Simcyp Simulator

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The Simcyp population-based ADME simulator[1] is a modelling and simulation platform used by the pharmaceutical industry in drug discovery and development. The Simulator models drug absorption, distribution, metabolism and elimination using routinely generated in vitro data.

Simcyp simulations are performed in virtual populations, including paediatric populations, rather than an average individual. This allows individuals at extreme risk from adverse reaction to be identified prior to human studies.[2] The functional capability of the Simcyp Simulator are summarized in the following table.

Metabolism Identification of the extremes and determinants of population variability in in vivo drug metabolism from in vitro data generated using:

Human liver microsomes
Human intestinal microsomes
Human kidney microsomes
Human hepatocytes
Recombinant CYP and UGT enzymes

PK profiles Simulation of full drug and metabolite concentration–time profiles. Prediction of volume of distribution based on lipophilicity, ionisation, protein binding and tissue composition by reference to a 14 organ PBPK model
Drug – drug interactions Prediction of the extent of metabolically-based drug–drug interactions, allowing simultaneous consideration of:

Competitive enzyme inhibition Irreversible, mechanism (time)-based enzyme inhibition (including auto-inhibition)
Enzyme-induction (including auto-induction)
Multiple interactions (involving up to four drugs plus two metabolites) with complex study designs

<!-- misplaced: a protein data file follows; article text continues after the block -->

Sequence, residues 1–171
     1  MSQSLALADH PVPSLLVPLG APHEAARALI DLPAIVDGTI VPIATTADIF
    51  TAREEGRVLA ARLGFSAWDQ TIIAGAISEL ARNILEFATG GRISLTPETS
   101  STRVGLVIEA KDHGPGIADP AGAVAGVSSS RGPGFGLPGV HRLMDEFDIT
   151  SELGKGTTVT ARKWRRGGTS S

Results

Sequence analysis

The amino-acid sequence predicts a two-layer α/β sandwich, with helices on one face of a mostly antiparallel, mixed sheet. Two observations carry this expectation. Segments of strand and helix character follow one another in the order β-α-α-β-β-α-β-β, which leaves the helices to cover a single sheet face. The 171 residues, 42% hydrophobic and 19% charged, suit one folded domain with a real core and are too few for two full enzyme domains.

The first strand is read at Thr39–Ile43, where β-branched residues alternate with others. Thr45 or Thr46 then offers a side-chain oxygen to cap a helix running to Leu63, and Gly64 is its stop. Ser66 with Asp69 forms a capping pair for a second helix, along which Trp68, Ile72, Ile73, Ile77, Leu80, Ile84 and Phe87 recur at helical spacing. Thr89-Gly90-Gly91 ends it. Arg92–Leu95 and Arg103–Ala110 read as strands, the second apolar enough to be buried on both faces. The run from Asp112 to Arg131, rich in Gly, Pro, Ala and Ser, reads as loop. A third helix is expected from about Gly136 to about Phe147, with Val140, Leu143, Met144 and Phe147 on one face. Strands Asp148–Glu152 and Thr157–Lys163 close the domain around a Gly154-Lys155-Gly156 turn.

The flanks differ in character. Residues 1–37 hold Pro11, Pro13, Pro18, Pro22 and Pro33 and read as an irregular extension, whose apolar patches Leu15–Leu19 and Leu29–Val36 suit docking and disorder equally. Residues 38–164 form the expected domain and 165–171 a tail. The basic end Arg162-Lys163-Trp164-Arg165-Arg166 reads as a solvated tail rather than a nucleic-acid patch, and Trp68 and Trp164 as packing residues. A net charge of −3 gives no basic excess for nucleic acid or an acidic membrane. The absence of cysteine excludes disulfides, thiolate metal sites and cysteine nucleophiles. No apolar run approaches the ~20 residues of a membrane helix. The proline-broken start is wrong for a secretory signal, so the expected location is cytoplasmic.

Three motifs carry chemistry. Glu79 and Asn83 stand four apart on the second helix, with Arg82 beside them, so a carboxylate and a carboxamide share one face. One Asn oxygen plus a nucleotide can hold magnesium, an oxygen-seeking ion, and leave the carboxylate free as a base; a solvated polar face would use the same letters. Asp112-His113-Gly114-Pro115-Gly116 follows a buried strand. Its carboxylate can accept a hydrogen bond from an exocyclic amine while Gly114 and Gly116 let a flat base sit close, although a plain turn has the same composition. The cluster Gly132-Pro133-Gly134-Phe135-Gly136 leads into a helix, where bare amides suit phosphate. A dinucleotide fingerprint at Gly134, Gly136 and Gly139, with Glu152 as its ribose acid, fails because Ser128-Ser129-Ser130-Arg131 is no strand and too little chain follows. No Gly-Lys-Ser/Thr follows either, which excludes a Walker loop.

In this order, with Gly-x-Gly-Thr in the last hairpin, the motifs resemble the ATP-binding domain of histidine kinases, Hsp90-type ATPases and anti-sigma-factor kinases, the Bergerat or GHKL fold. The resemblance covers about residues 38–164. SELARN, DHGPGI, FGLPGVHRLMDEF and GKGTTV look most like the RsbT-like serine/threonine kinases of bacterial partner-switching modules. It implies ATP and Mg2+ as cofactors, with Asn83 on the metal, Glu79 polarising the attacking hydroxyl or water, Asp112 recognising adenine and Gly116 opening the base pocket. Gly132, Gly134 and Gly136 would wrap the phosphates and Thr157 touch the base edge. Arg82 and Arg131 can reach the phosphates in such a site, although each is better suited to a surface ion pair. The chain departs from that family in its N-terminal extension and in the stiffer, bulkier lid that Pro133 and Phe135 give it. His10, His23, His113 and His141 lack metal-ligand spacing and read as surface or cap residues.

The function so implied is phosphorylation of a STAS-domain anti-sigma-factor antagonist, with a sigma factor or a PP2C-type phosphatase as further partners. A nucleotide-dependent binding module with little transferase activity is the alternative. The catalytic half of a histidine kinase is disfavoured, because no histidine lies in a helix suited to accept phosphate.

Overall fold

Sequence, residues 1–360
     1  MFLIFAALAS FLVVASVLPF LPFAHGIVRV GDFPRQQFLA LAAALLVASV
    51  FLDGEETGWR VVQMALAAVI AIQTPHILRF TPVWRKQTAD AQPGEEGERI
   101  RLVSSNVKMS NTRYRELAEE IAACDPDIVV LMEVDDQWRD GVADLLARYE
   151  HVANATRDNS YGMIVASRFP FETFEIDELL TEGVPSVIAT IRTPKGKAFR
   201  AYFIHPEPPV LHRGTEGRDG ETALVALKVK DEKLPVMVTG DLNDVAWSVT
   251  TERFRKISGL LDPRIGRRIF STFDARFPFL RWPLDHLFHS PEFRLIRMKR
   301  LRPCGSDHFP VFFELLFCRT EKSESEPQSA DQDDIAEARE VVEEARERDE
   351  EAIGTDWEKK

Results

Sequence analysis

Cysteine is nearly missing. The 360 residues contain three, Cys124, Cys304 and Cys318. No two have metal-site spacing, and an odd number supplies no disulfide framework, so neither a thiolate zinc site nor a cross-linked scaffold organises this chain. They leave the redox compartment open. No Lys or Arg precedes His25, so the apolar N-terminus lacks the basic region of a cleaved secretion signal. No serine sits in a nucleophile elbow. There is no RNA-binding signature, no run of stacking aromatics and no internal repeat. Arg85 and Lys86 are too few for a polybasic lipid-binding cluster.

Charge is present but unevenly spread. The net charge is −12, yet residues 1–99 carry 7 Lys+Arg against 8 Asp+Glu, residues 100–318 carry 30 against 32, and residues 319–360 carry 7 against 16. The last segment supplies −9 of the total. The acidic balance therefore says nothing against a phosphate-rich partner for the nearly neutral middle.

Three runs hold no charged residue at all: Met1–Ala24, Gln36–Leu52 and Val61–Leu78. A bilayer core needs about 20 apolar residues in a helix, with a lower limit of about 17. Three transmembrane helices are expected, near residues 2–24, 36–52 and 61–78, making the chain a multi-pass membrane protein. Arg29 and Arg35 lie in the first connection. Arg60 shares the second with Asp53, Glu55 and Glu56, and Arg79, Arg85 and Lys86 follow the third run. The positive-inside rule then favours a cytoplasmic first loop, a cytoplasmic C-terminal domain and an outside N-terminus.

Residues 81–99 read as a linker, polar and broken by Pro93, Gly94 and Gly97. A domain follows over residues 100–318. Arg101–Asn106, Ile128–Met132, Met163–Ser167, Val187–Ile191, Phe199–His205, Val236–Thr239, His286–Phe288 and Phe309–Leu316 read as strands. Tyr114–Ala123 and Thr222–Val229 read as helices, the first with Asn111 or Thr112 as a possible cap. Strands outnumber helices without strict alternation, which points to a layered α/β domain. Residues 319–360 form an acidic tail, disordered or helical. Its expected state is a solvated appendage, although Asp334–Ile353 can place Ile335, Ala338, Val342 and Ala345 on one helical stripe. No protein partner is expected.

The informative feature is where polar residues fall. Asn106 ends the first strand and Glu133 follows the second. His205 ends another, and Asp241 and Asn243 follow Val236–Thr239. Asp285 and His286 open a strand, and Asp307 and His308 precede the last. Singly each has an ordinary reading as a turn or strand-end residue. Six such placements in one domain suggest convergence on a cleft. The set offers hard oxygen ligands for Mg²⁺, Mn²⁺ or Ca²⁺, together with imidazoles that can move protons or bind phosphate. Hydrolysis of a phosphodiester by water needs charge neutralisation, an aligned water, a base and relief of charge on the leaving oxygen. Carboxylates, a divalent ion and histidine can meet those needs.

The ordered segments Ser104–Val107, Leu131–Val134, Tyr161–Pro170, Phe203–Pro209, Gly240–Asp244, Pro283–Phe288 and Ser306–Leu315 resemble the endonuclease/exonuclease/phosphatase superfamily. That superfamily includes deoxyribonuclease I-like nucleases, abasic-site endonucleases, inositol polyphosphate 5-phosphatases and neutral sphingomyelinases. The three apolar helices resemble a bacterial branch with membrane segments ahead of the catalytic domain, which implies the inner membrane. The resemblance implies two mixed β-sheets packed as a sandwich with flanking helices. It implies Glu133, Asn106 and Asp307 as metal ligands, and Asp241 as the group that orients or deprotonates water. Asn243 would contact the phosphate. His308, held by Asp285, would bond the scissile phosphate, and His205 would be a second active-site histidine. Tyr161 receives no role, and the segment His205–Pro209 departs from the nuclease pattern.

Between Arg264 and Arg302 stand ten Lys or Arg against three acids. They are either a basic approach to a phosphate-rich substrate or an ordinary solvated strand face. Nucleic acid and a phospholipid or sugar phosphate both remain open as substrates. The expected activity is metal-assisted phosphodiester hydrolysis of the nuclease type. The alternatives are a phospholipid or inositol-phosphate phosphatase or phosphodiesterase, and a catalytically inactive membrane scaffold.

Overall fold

Absorption The Simcyp advanced dissolution absorption and metabolism (ADAM) model incorporates factors influencing the rate and extent of oral drug absorption including:

Gastric emptying rate and intestinal and colon transit times Regio- and age-specific luminal pH as it affects ionisation, solubility, chemical stability, permeability, dissolution and precipitation GI tract surface area and regional variation in permeability and enzyme and transporter density Luminal fluid volumes and dynamics Fed versus fasting states It allows evaluation of immediate and modified release formulations and the impact of particle size on dissolution rate

Virtual patient populations Simcyp population databases include North European Caucasians, Japanese, healthy volunteers (for virtual Phase I studies) as well as obese/morbidly obese individuals and patients with renal impairment (moderate or severe), and liver cirrhosis (Child-Pugh A, B or C)
Trial design Flexible trial design options facilitate different routes of drug administration and a variety of dosing options including single/multiple dosing and dose staggering
Paediatric A full PBPK model, supported by extensive libraries on demographics, developmental physiology and the ontogeny of drug elimination pathways allows prediction of PK behaviour in neonates, infants and children


  1. ^ Jamei M, Marciniak S, Feng K, Barnett A, Tucker G, Rostami-Hodjegan A (February 2009). "The Simcyp((R)) Population-based ADME Simulator". Expert Opin Drug Metab Toxicol. 5 (2): 211–223. PMID 19199378. doi:10.1517/17425250802691074. 
  2. ^ Rostami-Hodjegan A, Tucker GT (February 2007). "Simulation and prediction of in vivo drug metabolism in human populations from in vitro data". Nat Rev Drug Discov. 6 (2): 140–8. PMID 17268485. doi:10.1038/nrd2173. 

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